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Make a Signal Fire

Fire is your best friend in the wild, when it is doing what it is supposed to do. And fire can be used as a very effective signal for help, with many documented successes over the years.

Remember that there is a fine line of control when lighting and maintaining big fires. This line is often controlled by the wind and the amount of dry vegetation downwind of the blaze. 

Consider these important things about signal fires. 
•    The fire should be in a very visible place, so that both the smoke and light are visible.
•    The fire should be in a place where it won’t get away from you.  The middle of dried grasslands on a breezy day is a very bad place to burn a big fire.
•    Don’t let the fire get so big that you cannot put it out with the means you have at hand.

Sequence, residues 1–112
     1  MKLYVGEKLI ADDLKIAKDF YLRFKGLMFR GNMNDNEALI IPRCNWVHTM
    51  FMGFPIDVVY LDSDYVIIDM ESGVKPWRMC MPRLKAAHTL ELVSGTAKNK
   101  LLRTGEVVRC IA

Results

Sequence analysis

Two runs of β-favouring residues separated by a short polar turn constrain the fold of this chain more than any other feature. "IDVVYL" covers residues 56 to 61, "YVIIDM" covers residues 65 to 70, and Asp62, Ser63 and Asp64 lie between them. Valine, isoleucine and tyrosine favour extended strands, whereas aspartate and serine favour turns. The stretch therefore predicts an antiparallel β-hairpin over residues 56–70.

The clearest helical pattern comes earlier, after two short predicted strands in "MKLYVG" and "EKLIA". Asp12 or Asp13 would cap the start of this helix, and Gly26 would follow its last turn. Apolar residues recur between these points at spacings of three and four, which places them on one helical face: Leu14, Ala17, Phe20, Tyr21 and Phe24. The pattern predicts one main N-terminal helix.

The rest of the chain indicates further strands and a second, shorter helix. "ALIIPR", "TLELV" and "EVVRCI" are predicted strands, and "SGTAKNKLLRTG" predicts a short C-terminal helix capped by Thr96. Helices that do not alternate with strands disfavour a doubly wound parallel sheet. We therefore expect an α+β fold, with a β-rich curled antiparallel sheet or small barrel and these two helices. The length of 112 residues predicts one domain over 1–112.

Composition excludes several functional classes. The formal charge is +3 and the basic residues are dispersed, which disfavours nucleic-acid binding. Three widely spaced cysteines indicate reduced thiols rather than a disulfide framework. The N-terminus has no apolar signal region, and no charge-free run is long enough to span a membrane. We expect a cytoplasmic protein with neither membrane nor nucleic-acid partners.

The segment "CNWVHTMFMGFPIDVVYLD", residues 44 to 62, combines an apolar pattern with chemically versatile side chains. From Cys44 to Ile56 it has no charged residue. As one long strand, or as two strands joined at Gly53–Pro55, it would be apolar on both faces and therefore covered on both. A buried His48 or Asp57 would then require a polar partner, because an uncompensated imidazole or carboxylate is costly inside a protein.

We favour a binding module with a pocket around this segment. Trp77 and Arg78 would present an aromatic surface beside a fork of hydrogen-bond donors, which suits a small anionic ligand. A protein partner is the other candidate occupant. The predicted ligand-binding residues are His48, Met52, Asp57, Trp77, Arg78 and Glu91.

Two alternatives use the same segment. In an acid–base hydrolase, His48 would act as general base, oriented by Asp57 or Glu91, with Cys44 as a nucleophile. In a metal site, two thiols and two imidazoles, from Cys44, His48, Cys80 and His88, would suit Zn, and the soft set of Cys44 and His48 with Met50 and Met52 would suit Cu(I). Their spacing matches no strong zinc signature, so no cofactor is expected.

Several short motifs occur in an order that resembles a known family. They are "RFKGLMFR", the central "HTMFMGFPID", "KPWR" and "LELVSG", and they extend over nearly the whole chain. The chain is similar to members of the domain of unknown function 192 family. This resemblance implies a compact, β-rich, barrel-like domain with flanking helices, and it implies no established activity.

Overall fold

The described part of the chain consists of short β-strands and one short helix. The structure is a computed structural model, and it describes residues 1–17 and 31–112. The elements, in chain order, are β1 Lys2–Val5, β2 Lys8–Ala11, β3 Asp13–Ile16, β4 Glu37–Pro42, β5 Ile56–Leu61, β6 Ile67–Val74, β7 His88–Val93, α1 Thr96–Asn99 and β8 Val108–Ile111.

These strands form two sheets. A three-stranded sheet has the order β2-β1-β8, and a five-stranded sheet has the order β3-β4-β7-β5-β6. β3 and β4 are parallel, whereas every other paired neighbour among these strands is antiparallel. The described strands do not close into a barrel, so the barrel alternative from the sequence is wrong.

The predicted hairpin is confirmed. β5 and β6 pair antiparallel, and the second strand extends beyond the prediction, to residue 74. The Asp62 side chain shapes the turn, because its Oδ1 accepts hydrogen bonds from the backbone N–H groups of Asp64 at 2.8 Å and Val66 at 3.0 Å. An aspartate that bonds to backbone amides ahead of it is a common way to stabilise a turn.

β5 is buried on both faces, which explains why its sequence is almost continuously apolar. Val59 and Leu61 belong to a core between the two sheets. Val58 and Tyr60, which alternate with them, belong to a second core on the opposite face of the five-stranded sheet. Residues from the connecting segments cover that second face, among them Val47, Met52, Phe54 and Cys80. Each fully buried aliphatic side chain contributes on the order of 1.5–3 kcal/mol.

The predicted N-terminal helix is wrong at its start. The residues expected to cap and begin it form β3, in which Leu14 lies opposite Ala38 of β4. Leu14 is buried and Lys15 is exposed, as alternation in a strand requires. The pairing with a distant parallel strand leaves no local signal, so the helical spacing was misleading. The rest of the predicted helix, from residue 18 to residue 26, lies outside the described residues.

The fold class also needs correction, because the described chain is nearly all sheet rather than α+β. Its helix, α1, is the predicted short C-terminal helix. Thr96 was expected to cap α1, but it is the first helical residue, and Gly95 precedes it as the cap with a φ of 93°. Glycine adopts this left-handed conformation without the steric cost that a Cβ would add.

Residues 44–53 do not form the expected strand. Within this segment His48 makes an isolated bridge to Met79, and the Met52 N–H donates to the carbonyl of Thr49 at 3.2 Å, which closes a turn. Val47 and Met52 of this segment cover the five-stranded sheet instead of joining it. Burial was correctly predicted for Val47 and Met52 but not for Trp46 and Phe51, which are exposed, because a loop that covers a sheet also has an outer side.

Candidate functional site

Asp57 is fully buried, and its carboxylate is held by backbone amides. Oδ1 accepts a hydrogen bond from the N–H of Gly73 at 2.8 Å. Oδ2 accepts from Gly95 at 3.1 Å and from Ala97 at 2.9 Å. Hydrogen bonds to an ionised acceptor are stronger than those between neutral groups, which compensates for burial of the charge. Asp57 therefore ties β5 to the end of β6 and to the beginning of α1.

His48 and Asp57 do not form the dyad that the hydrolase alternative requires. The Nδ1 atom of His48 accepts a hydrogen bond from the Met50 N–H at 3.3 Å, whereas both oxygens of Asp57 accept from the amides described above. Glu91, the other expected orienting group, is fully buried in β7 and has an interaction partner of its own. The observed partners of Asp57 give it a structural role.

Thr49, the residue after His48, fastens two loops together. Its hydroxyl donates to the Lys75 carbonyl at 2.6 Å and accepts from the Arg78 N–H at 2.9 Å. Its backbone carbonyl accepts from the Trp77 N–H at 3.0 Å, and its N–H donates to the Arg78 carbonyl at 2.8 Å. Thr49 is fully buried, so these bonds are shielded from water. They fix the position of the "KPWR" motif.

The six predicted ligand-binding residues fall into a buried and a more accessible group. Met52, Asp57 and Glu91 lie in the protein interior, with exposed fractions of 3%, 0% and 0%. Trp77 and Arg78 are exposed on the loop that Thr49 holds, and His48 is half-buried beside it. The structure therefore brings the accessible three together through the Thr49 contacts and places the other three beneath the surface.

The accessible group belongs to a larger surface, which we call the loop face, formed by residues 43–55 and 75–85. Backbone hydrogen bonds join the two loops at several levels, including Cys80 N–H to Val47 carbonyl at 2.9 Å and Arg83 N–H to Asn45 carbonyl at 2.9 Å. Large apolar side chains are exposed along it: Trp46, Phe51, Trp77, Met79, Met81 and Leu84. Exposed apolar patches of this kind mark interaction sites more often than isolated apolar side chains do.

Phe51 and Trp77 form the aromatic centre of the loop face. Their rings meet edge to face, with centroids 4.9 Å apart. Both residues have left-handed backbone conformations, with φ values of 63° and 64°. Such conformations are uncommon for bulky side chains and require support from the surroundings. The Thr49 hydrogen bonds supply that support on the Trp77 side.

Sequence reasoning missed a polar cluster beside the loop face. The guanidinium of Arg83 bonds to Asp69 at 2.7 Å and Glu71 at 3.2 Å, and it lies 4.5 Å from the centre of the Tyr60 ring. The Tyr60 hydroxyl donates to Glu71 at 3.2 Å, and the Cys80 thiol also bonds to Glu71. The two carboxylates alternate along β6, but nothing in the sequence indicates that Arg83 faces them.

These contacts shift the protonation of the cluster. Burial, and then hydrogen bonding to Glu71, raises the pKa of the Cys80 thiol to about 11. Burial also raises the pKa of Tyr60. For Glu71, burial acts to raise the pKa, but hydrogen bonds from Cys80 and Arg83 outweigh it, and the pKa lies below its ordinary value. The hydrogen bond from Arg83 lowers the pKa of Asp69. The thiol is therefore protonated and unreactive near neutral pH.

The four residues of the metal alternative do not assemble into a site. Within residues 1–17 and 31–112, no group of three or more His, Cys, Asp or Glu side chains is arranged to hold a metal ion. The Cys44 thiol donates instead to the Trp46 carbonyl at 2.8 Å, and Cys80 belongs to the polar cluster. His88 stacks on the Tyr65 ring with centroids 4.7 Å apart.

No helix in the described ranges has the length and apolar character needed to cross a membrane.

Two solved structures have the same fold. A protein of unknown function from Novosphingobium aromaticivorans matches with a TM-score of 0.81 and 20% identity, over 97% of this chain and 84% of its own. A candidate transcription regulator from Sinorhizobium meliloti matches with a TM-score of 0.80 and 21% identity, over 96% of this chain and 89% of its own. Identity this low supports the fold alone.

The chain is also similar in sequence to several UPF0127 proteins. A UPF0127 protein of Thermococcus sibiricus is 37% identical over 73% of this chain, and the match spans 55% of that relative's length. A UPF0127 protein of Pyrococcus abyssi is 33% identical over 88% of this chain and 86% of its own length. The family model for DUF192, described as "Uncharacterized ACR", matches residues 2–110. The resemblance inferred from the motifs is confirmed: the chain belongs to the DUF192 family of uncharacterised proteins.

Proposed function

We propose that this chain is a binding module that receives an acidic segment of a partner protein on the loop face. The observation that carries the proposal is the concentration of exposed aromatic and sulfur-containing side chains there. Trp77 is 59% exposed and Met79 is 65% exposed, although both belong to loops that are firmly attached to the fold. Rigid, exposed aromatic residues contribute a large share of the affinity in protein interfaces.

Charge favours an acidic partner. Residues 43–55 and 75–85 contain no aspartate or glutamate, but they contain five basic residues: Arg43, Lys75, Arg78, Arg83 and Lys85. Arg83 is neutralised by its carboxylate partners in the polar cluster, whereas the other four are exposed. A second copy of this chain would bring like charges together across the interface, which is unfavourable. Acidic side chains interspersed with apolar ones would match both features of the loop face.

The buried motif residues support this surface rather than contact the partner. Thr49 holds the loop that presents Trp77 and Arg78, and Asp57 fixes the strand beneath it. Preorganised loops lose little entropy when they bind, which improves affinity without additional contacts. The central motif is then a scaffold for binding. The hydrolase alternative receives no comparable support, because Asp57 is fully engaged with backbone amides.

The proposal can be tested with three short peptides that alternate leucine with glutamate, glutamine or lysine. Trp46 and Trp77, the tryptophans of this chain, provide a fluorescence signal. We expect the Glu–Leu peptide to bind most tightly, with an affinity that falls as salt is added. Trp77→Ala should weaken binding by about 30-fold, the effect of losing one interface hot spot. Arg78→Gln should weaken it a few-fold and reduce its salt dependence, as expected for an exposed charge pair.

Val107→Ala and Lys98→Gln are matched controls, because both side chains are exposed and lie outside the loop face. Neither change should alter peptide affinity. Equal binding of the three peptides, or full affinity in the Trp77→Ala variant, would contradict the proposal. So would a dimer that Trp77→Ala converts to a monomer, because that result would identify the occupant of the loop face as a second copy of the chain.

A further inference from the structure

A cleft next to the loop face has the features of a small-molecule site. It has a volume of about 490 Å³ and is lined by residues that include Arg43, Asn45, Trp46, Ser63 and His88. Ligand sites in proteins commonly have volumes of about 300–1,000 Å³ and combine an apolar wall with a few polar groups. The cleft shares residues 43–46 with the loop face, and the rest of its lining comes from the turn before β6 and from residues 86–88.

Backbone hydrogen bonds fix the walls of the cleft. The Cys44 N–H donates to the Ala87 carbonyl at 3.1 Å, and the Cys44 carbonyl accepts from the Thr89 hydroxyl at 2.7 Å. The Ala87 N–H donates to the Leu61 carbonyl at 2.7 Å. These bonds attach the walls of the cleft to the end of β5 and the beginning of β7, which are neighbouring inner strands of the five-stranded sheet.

•    Think about contrast. Almost all natural fire fuel (vegetation) will produce a white smoke. If it is a cloudy day or foggy, no one will notice your white smoke. Throw a few ounces of motor oil, brake fluid, cooking oil or any other oily substance into the fire to produce black smoke, which is much more noticeable.

And a final thought about signal fires, put them out cold when they have done their job. Before the chopper lifts you out, or the search party escorts you away, be sure to put the fire out with water and make sure it is dead.

Photo: UNC-CFC-USFK

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from joiner 9/24/2013 at 08:28pm

So who says that the signal fire has to be big? Very few rescues are going to happen at night, so a small (but smoky) fire in daylight hours is almost always going to be the best bet.

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from joiner 9/24/2013 at 08:28pm

So who says that the signal fire has to be big? Very few rescues are going to happen at night, so a small (but smoky) fire in daylight hours is almost always going to be the best bet.

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